The Vancouver Aquarium’s Marine Mammal Rescue Centre is treating yet another seal with shotgun wounds to its face.
The female harbour seal, dubbed ‘Jessica Seal,’ is believed to be less than a year old, and was found emaciated and lethargic on Kitsilano Beach on Feb. 18.
The aquarium says she had 23 birdshot pellets in her face, which had already begun to heal — suggesting the wound was sustained several weeks prior.
“I can tell you that she’s been suffering for several weeks, and we don’t know if she’s going to recover her eyesight enough to be released,” said Vancouver Aquarium head veterinarian Dr. Martin Haulena.
Vets worked Friday to remove some damaged teeth and to try and determine how much vision the seal still has.
Haulena said the aquarium believes the seal and others that have recently been shot are the victims of a “PR war” asserting that the region’s pinniped population (the animal family including seals, sea lions and walruses) has surged recently, a claim the aquarium says is incorrect.
“The population of harbour seals has been holding steady — at about 110,000 animals — since the ‘90s,” said Dr. Peter Ross, vice-president of research at Ocean Wise.
“From 1879-1968, about half a million seals were killed in B.C. for the commercial fur trade and for predator control. What we’re seeing now is a recovered population holding steady at its historic size.”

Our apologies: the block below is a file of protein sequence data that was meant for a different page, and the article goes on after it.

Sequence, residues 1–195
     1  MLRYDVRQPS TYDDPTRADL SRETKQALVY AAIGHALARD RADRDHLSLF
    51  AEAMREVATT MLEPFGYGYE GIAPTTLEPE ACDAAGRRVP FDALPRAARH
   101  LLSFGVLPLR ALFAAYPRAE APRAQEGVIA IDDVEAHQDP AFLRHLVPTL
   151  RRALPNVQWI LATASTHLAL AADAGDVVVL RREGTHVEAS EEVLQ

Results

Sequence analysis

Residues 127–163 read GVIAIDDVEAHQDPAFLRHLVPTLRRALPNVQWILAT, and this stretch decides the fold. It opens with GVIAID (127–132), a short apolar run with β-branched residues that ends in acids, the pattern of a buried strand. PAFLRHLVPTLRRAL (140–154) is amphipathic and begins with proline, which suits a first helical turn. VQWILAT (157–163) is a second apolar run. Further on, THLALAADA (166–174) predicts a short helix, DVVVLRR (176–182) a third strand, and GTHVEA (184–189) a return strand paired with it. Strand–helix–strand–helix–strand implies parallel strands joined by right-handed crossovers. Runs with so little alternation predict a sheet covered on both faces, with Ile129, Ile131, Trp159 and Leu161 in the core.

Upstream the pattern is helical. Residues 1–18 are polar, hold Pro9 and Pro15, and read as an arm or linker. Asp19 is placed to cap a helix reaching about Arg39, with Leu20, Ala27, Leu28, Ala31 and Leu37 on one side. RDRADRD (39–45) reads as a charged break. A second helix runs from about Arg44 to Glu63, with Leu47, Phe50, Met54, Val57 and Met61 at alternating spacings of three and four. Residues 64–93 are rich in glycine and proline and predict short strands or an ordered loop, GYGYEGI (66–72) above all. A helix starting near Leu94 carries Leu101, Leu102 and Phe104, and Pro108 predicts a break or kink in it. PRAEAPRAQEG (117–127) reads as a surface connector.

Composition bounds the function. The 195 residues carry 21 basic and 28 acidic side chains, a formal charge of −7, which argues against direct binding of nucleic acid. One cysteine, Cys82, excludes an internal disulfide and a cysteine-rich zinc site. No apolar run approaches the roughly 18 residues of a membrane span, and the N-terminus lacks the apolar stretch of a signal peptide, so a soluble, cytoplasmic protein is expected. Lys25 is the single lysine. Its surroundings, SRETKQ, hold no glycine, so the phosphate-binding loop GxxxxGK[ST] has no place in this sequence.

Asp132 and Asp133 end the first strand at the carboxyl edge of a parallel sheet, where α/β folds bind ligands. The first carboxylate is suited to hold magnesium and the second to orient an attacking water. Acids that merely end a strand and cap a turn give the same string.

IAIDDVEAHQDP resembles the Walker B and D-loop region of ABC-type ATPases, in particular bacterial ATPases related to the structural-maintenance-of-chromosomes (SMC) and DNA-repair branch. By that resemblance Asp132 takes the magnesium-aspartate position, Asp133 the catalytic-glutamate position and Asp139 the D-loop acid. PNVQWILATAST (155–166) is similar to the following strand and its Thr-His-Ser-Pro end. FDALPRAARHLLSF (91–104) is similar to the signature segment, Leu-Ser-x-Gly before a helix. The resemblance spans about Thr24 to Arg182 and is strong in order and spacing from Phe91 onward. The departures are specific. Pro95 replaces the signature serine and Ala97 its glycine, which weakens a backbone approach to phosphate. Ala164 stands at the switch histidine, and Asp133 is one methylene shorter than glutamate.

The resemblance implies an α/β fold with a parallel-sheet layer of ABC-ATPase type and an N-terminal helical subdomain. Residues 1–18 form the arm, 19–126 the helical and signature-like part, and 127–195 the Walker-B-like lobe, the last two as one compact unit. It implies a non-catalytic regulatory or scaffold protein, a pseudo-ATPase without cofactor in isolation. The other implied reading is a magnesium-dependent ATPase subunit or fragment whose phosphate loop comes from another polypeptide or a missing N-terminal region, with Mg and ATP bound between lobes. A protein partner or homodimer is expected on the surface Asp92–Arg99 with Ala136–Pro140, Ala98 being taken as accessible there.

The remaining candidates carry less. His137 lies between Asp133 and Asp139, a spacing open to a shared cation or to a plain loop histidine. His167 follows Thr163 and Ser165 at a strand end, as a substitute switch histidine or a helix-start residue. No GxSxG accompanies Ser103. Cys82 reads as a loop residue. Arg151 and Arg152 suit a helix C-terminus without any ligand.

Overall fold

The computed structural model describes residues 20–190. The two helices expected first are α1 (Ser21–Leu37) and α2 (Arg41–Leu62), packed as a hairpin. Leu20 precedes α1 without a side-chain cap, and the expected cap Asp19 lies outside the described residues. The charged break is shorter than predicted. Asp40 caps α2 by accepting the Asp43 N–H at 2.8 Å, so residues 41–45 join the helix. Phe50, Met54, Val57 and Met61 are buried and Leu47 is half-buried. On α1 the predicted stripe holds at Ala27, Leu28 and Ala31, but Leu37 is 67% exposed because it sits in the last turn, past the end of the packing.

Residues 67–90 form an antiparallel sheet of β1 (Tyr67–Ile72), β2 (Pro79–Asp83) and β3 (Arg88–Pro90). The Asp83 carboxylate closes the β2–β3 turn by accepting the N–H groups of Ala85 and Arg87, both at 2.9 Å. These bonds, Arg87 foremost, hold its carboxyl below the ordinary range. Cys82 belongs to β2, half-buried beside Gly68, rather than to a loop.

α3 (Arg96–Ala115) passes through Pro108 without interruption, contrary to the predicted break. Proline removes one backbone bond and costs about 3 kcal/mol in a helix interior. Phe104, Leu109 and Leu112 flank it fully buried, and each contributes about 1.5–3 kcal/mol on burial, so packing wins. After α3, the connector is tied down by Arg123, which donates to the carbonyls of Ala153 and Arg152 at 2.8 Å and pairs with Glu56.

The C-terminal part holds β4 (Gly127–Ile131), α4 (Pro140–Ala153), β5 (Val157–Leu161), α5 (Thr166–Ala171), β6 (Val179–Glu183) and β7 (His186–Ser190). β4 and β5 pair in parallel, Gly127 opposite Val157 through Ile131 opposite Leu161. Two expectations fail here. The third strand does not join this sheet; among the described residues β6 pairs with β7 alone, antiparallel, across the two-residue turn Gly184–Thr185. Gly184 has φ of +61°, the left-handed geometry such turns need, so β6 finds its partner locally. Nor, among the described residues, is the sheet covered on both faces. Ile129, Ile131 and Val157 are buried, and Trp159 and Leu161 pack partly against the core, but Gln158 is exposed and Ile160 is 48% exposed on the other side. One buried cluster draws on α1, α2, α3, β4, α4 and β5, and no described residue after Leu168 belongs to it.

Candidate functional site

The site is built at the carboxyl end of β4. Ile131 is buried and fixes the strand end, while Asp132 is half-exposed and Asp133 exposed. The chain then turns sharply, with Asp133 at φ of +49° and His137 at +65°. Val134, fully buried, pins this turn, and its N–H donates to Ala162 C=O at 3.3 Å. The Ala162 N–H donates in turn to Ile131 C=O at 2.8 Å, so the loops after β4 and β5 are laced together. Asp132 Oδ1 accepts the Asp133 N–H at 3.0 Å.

That status of the region’s seal and sea lion population is disputed, however, by the Pacific Balance Pinniped Society, a group of First Nations and commercial fishers who want to see a commercial seal hunt on the coast.
The group asserts that the population of pinnipeds has “exploded” in the last four decades, putting species such as salmon and orcas at risk.
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According to the DFO, the current harbour seal population on the coast is about 10 times what it was in the early 1970s.
But the aquarium says it does not believe a seal cull will do anything to help salmon stocks recover.
“Declining salmon abundance is the result of a complex variety of factors, and is not the result of predation by pinnipeds,” said Ross. “Predator control measures rarely work, and often have unintended negative consequences.”
Jessica Seal is the fifth seal to be treated for gunshots at the Marine Mammal Rescue Centre in recent years.